6 life situations Co-habiting? Part-time work? Pension aspects

Marriage or cohabitation? Full- or part-time work? Everyone is different. Here's what six people think about pension planning.

by UBS Insights 30 Oct 2018

Image: Maya and Daniele

Today, individuality is reflected in every phase of life. This also means that not everyone's expectations of their retirement is the same. UBS Insights talks to six individuals about their priorities and their view of financial security in old age.

Elisabeth (89)

A generation with safe pensions

“I trained as a sales assistant, but my career ended when I was 25. I got married and then the children came along. This was the norm in those days. Nobody gave much thought to retirement planning, but I did save something every year. My husband worked for the city police and was able to pay into his pension fund until he took early retirement. I earned some money on the side by offering gym classes. Today we live mortgage-free in our own house; this is our life insurance. If I could give my granddaughter Linda and other young people a tip, it would be to put some money aside for old age.”

Linda (27)

Need for self-initiative

“I’m not giving much thought to my old age just yet. However, the subject of retirement planning has come up in my group of friends before. I got some advice from my bank. It was a good conversation, but I haven’t yet put the suggestions into practice. I took a year out and didn’t know what my next step would be financially. Even today, I don’t earn enough as an assistant psychologist to save money and pay into pillar 3a. I am taking it step by step and not worrying about the future. If I can live later like my parents or my grandmother Elisabeth, I’ll be happy.”

Doris (30)

Mariage, pension and family

“I have been working as a restaurant manager in Zurich since July. In the last I was employed on cruise ships. That was where I met and fell in love with my now-husband in 2013, en route from Tahiti to Japan. He is from the Philippines, and we got married three years ago. For me it was a given that we would live in Switzerland. Switzerland is better for having children, too. We live frugally and are putting money aside with a view to starting a family one day. In addition, we both pay into pillar 3a, and my husband pays into a pension fund in the Philippines as well. We could imagine spending our retirement there.”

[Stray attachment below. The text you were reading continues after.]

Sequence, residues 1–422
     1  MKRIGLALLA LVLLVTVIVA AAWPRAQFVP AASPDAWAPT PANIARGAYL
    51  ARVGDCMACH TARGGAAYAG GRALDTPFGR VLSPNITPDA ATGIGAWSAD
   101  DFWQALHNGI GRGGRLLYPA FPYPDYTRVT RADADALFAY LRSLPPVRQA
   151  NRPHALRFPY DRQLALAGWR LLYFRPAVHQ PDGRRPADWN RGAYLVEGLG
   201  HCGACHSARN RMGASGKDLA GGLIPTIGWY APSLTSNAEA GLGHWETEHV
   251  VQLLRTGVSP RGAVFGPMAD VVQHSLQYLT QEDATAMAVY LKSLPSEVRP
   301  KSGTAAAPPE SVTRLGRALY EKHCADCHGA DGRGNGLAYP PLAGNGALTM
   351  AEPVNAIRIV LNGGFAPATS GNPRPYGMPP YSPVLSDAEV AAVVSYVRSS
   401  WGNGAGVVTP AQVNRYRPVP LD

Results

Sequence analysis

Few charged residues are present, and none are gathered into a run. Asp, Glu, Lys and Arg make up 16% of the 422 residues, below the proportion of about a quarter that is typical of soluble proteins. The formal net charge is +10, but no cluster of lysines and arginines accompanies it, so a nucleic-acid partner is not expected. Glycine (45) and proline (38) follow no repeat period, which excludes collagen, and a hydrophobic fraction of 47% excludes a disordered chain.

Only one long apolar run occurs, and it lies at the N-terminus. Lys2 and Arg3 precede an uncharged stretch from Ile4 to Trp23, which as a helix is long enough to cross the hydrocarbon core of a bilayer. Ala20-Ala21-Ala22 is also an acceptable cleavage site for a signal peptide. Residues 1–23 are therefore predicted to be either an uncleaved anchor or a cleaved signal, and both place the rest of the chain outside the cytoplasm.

Claude (47)

Happy just living together

“I chose not to get married as I never felt the need to submit to a status defined by the church. I’m fine with just living together, even now that we have three children. It had very little to do with financial concerns. I actively took care of the inheritance and insurance aspects. With three children, I have hardly any money left over for extra private retirement savings anyway, apart from the usual social security. But that doesn’t bother me. My priorities are living a healthy life in the present, enabling my children to enjoy education, sports and cultural activities – and staying debt-free.”

Ariane (37)

Full-time job and family

“As a business developer, my career absorbs most of my time and energy. At the same time I’m very keen to start a family and have been thinking about our retirement plans in connection with this. I have devised a clear savings plan, but I want to be able to rely on our system, too. My attitude toward money is very realistic, even though I do spend quite a bit on shoes from time to time. Sometimes I wish that institutions like banks and insurance companies would adopt a more proactive and transparent approach towards their clients when it comes to the topic of pensions and alternative investments.”